Malaise is a “mental” thing, too

“Malaise” is generally considered to refer to “general bodily weakness or discomfort” but can also refer to “a vague or unfocused feeling of mental uneasiness” and it is that second definition that I believe to be a general affliction in today’s America.   Although I am, personally, concerned with the malaise experienced in reaction to the policies and conduct of the current administration, I must admit that I believe the same “mental uneasiness” is also experienced by those on the right of the political spectrum – those people who voted for the current administration and who remain fans of the current president…although I also suspect that those persons are likely not aware of why they are experiencing such feelings nor are they likely to be able to define them.

I was amazed when I checked my published blog posts and realized that I had not posted anything here since February 8.  (During that time, I did post several entries in the Cultural Crossroads blog in February and April; somehow, although I could find words to speak through the nonprofit,  I felt words fail me on a personal basis.)

The stated purpose of this Balance Beams blog is to help find “balance for all” – something that I feel is so lacking in today’s American society.   It seems that there is no balance between differing viewpoints, no common ground (which was an issue addressed in that other blog:

While I was wrestling with my seeming inability to address the need for balance in this blog, I discovered an article posted on February 1, 2018, by Chris Cillizza, CNN Editor-at-large, which expressed my personal feelings:

Never before have more twists and turns been packed into each day of a presidency. Stories that would be GIANT news for weeks in another administration wind up being eclipsed by a tweet or an offhanded comment from the President. Every day is 50 pounds of news stuffed into a five-pound bag. And every day feels like a week — or longer.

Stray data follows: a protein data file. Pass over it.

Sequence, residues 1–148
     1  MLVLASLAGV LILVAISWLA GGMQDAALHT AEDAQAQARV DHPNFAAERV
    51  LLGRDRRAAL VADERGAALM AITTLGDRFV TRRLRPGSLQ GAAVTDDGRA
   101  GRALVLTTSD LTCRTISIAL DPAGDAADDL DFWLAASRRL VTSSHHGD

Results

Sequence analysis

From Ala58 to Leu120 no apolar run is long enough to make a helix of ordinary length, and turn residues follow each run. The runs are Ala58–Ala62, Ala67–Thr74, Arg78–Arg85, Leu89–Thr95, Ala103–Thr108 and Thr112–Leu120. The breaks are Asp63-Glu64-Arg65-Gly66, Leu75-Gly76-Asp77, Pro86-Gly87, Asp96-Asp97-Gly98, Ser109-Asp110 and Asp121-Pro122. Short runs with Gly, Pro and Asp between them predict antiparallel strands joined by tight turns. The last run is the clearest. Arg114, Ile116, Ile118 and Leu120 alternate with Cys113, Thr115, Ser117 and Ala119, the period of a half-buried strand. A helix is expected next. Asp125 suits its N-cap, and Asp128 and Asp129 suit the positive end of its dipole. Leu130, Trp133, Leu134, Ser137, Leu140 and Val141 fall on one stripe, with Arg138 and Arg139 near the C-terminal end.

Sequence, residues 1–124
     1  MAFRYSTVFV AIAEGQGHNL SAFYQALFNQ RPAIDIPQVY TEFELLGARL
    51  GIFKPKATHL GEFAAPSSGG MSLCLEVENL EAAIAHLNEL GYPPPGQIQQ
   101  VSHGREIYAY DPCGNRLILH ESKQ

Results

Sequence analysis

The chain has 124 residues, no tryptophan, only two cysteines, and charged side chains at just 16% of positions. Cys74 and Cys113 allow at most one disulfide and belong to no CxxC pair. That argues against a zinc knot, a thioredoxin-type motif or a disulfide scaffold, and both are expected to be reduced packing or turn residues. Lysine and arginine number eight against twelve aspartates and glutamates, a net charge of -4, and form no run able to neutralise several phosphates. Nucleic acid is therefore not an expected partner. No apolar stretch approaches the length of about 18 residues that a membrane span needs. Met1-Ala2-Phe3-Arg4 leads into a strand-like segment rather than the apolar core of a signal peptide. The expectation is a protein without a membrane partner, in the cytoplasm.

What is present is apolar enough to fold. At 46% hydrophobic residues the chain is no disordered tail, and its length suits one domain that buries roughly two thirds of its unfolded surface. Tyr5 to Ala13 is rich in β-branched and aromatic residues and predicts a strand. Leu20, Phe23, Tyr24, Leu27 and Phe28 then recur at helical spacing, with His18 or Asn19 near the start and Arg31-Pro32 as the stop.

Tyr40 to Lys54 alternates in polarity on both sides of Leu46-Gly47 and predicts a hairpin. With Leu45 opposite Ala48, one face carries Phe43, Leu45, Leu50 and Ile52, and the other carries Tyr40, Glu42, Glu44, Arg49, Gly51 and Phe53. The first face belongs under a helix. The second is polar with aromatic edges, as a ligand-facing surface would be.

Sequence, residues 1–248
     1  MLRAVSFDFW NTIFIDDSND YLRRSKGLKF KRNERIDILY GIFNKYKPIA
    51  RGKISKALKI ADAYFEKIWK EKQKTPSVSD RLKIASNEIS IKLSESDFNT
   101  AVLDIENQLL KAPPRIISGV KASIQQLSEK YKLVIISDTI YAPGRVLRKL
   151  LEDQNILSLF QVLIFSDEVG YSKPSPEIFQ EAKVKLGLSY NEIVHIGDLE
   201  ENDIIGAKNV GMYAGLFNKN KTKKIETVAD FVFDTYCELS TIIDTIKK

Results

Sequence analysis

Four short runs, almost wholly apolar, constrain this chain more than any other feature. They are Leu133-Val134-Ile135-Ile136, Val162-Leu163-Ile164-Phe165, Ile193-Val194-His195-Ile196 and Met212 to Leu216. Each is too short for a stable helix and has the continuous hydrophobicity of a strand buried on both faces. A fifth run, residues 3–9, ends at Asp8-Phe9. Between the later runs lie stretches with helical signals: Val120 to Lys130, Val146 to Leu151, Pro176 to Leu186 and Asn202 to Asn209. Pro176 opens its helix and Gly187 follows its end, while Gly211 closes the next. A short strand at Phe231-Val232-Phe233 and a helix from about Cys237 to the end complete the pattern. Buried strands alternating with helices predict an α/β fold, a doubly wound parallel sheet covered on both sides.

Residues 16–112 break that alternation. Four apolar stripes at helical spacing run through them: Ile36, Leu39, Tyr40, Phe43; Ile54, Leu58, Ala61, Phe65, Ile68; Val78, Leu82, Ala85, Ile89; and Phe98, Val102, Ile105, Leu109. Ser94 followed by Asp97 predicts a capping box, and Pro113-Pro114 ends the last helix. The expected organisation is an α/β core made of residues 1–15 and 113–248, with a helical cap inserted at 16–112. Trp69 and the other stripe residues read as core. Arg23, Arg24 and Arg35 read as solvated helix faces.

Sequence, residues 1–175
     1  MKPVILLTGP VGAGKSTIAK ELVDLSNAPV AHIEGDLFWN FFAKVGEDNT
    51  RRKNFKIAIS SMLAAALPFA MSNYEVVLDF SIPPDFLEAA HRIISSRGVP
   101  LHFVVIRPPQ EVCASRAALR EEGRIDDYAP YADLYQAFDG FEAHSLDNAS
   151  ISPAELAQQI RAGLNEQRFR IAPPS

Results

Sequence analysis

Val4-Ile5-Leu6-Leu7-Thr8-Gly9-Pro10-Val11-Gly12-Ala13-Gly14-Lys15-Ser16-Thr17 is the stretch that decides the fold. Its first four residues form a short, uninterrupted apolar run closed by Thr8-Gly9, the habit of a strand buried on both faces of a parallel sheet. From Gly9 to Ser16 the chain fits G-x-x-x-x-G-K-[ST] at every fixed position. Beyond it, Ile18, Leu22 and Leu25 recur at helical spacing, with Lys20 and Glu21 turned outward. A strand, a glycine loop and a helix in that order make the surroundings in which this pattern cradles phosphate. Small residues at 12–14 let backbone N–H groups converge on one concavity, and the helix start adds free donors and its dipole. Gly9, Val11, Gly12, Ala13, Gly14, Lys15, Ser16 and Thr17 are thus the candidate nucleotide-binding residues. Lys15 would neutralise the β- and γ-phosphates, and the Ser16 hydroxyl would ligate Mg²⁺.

This is SO true – like many others, I have felt bombarded and defenseless.

I decided to review my Facebook posts since February 8, to determine the headlines and flashpoints that have caused my writing paralysis – a quick review reflected these hot-button issues of the day:

  • Racism
  • Lies
  • Attacks on protections for children, women, workers, borrowers and the environment
  • Attacks on our justice system
  • Violence against refugee children
  • Gun violence
  • Separation of church and state
  • Threats to world peace
  • Threats to freedom of speech and freedom of the press
  • Hypocrisy in government
  • Attacks on our economy and trade
  • Attacks on voting rights
  • And, again, lies and more lies….and people who don’t care about the lies…

… but I never got as far as February in my review – this list contains the issues that were raised only in the last month!

The most insidious attack on freedom of speech is the numbing destruction of the ability to re-act, the bombardment of lies and attacks and loud shouts from multiple quarters at once that leave the head spinning – which command attention to a new attack before one can even respond to the most recent attack.   Life in the US today is akin to living in a video game of constant warfare, never knowing where the next attack will surface, living constantly in a state of “fight or flight.”’’

How to shake off these shackles of silence? – by making our voices heard, whether by telephone calls and emails to members of Congress and appointed officials – even the White House — or by physically visiting those offices or marching in solidarity with others.  In fact, I see that the last time I wrote to my list of members of Congress and officials was the time of my last post – I find that to be proof that the best way to keep my voice alive is by using my voice.  Before I posted this entry, therefore, I stopped to make my position known on another important issue, in this case, the immoral separation of children and parents at the border.

We cannot allow ourselves to be silenced – that way lays tyranny.   Ask any German today whether they wish things had been different, whether they wish the common people had held the line on decency.



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